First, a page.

From free electric toothbrushes to driveway repairs, here are the scams to watch out for in Norfolk this month. 

Fake Cost of Living payment messages

Trading Standards has warned people in Norfolk to be aware of messages relating to Cost of Living payments

Scammers are known to be targeting those who will be receiving £300 from the government between October and November. 

Those eligible for the payments will not need to apply and will not be asked for details by text or email. 

READ MORE: Next shop assistant fined just £80 for clothing refunds scam

Fake DVLA emails

Some people in Norfolk have been receiving fake communications that claim to be from the DVLA. 

These messages include statements such as "our records show that you are not up to date with your current vehicle tax" or "your vehicle is not permitted to legally be on the road".

The emails contain a link that takes victims to a fake version of the DVLA website. 

Emails offering 'free electric toothbrushes' 

There have been more than 10,000 reports of messages promising "free Oral-B electric toothbrushes".

The emails usually impersonate well-known retailers such as Boots and claim the recipient will receive their free toothbrush if they follow the links in the message and complete a feedback form. 

Employment scam messages

People in Norfolk should be aware of scam messages offering fake employment opportunities.

These are usually sent by text or WhatsApp and involve a scammer impersonating an HR recruiter.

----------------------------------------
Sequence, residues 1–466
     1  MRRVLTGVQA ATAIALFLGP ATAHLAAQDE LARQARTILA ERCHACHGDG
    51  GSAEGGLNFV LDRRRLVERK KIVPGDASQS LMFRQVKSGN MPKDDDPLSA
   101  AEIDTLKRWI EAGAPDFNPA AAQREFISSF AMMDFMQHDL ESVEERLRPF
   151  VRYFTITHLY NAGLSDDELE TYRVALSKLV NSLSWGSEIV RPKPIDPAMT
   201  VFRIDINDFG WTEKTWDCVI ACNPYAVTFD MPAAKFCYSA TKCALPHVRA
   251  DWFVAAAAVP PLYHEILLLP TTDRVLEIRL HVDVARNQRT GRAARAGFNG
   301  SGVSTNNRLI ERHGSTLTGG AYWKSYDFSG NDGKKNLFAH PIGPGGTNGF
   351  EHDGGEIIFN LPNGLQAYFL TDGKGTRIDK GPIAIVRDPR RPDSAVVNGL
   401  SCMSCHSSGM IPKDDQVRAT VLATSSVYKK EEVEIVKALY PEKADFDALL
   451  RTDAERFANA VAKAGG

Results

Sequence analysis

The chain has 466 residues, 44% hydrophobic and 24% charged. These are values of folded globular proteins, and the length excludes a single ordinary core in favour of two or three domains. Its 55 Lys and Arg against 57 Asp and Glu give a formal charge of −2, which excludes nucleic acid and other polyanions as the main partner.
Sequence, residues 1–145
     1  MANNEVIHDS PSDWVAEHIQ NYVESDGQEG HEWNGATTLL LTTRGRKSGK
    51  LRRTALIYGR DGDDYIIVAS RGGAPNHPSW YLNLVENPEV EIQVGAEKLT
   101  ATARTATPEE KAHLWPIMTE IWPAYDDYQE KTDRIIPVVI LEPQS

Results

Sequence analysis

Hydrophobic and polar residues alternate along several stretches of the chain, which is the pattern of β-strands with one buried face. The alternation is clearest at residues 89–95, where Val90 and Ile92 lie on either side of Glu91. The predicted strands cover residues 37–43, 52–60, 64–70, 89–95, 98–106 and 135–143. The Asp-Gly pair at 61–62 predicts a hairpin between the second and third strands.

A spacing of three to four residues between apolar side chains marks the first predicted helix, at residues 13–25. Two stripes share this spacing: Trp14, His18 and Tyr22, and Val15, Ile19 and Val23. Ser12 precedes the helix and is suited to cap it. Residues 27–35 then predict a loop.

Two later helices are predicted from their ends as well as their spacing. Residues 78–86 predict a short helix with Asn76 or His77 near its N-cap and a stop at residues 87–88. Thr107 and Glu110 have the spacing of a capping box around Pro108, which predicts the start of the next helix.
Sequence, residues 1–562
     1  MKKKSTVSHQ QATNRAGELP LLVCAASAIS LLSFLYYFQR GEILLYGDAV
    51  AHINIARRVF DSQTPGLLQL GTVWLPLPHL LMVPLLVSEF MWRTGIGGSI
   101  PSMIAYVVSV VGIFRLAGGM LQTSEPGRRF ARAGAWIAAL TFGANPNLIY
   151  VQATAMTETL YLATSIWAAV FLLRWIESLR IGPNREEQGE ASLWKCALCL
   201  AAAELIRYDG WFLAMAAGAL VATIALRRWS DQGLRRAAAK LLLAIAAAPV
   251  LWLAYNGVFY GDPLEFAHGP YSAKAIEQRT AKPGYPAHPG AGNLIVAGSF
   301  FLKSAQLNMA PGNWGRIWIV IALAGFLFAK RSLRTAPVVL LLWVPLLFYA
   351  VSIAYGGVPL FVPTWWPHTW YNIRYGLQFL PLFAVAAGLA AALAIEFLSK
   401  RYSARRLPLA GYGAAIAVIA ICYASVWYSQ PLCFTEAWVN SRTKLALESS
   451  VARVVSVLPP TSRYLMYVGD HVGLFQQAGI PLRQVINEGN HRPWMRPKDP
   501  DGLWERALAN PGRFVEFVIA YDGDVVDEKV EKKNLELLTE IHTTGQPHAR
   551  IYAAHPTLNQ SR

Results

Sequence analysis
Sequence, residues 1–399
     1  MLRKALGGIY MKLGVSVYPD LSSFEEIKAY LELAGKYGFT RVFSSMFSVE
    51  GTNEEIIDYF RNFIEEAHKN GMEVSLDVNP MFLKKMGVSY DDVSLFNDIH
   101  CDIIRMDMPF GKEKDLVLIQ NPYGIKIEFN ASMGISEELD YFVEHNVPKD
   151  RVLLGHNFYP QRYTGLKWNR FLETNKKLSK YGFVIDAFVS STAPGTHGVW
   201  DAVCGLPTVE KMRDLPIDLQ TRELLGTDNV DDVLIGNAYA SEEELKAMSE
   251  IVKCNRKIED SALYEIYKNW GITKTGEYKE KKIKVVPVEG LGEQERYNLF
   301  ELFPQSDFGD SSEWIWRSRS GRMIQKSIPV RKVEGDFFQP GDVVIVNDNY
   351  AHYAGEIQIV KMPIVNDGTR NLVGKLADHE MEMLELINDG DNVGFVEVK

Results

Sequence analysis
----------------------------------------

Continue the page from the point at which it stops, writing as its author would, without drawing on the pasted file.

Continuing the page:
Personal information is requested in the form of a CV or questionnaire and fees may be requested to cover administration or travel costs. 

Fake loans

Scammers are targeting people by offering loans at very low-interest rates.

These offers may be sent by email and request an upfront payment in the form of a deposit, administrative fee or insurance. 

Scammers will put pressure on the victim for the fee to be paid quickly via bank transfer. 

Driveway repairs

Doorstep cold callers have been reported across Norfolk offering driveway repairs.

Two males were seen in Downham Market with a yellow Icevo tipper truck offering to lay gravel.

Another man was seen in Diss approaching a business to claim he had leftover tarmac from another job which he offered to lay. 

It is possible that these cold callers could move on to other areas in the county, quoting an initial price for their services but increasing this dramatically once the work has started.

Fake cryptocurrency exchanges

People are falling victim to online investment scams which range from a few hundred to thousands of pounds. 

Trading Standards has advised that those involved in these exchanges should have a good understanding of cryptocurrency and the investment before transferring any money.